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Classifying unknowns: the idiopathic problem
  1. Thomas Beaney
  1. Correspondence to Thomas Beaney, Department of Medicine, Imperial College, South Kensington, London SW7 2AZ, UK; thomas.beaney{at}cantab.net

Abstract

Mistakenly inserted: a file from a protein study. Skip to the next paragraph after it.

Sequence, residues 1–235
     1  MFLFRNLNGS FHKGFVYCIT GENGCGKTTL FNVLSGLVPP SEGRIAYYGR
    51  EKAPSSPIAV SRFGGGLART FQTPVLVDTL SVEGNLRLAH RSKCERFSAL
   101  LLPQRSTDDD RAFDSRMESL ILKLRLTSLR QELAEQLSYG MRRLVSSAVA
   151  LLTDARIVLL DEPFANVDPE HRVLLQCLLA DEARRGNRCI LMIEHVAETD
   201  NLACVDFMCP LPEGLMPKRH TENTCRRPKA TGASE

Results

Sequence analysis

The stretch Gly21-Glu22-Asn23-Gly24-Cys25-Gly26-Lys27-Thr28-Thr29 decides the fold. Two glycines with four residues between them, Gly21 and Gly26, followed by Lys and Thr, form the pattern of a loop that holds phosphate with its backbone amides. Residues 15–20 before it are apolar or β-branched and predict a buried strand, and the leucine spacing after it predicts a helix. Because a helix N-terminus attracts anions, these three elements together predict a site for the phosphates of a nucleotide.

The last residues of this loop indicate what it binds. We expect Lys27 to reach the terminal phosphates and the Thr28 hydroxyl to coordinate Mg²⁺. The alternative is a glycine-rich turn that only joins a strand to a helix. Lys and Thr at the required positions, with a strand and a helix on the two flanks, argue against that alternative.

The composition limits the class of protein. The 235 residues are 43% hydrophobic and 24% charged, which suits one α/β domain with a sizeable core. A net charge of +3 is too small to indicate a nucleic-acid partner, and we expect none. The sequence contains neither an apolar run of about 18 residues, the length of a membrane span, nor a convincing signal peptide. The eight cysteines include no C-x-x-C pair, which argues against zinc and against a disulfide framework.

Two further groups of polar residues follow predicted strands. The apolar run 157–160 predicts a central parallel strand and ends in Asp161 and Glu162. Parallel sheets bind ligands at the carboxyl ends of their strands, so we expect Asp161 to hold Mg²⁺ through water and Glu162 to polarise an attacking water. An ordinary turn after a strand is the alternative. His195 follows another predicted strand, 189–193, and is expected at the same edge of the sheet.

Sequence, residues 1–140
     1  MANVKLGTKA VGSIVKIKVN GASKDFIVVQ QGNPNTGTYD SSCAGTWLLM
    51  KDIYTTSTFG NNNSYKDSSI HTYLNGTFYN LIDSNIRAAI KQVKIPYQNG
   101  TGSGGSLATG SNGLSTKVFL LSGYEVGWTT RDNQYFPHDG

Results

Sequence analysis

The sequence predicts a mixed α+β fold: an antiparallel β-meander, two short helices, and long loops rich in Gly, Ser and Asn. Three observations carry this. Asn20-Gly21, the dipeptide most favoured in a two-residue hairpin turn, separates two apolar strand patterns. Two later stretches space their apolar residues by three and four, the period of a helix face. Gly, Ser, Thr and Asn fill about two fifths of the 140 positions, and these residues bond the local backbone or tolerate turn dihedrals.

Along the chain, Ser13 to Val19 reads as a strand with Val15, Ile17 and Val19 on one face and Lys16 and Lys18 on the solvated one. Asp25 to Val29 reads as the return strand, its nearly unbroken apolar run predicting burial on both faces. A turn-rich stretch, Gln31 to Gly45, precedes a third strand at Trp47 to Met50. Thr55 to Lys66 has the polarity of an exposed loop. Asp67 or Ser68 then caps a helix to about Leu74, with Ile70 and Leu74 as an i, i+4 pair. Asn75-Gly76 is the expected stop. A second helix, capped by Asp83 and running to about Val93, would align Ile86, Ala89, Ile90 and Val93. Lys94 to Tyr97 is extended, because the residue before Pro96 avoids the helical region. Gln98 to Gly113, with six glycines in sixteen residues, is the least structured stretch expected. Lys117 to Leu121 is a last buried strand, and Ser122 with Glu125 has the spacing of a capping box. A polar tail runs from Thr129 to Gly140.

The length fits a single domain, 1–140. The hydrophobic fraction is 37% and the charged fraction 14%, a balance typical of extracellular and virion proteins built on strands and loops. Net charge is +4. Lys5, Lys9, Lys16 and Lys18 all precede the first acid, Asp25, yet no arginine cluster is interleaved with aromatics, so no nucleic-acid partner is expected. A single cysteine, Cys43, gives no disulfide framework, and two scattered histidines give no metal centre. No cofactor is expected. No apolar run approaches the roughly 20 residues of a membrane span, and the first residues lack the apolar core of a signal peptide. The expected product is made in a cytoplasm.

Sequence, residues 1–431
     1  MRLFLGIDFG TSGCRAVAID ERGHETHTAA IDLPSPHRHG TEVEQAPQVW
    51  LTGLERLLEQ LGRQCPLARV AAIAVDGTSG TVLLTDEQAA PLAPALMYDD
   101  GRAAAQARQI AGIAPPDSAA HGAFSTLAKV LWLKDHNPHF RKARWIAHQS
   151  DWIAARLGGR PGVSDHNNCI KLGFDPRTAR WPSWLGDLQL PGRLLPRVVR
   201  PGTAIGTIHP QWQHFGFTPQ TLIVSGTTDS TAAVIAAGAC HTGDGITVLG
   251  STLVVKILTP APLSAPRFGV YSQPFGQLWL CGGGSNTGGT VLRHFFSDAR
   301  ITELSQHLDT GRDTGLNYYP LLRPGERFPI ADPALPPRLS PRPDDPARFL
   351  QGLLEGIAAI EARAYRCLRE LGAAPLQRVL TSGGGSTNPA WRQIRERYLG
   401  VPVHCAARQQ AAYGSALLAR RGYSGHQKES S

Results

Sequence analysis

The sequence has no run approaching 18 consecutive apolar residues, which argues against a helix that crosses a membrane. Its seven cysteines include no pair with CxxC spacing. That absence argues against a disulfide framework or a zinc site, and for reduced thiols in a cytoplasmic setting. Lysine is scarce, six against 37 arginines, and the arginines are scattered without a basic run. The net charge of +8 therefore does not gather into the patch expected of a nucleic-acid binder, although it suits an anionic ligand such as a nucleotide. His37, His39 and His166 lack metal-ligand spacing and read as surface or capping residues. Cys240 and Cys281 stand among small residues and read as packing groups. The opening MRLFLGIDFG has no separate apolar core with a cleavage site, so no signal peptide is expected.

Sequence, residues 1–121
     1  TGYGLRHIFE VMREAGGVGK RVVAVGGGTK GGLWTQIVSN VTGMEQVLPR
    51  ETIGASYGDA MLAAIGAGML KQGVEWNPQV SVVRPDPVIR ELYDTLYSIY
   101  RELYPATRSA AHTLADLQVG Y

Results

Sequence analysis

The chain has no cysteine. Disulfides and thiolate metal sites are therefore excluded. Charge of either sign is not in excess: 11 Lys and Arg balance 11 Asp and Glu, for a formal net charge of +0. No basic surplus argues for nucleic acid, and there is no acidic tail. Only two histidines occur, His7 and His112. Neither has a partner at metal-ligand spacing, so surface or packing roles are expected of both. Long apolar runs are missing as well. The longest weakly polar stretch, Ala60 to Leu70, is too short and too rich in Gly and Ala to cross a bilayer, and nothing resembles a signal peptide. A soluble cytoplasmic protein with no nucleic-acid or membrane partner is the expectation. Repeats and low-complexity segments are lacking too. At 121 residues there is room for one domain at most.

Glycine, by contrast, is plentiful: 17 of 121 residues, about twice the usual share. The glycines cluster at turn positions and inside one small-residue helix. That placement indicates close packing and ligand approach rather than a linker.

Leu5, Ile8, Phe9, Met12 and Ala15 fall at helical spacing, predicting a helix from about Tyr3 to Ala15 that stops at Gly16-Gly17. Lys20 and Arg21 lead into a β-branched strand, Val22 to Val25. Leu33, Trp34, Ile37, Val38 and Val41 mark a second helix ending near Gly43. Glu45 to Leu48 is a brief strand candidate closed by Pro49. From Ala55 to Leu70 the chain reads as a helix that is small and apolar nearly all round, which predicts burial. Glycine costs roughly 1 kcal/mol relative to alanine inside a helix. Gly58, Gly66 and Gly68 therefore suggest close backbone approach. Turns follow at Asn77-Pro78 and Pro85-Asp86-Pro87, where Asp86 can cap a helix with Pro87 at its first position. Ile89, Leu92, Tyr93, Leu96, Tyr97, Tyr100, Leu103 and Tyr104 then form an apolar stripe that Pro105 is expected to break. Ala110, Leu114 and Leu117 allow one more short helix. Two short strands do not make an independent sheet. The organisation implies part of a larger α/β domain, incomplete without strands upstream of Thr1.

The term, idiopathic, emerged as a key concept in the classification of disease in the 18th century and has become ingrained in our terminology in defining diseases and their aetiologies throughout all fields of medicine. Despite, or perhaps because of this, little has been written about the meaning or meanings of the word itself. Although most medical professionals will be able to offer a definition of idiopathic, different definitions of the word are in use and are often confused or used without an appreciation of the range of meanings. This article aims to clarify these different meanings with reference to historic and current uses. The change from the earlier nosological definition of ‘primary’ to the most widely accepted current definition, ‘of unknown cause’, occurred in the late 19th century, reflecting changing perspectives of disease causation. Far from being an innocent translation of ‘unknown’, idiopathic creates problems for future terminology and adds little to medical understanding. In masking the unknown, the term idiopathic maintains a paternalistic patient–practitioner relationship, and so should be avoided in modern medical terminology.

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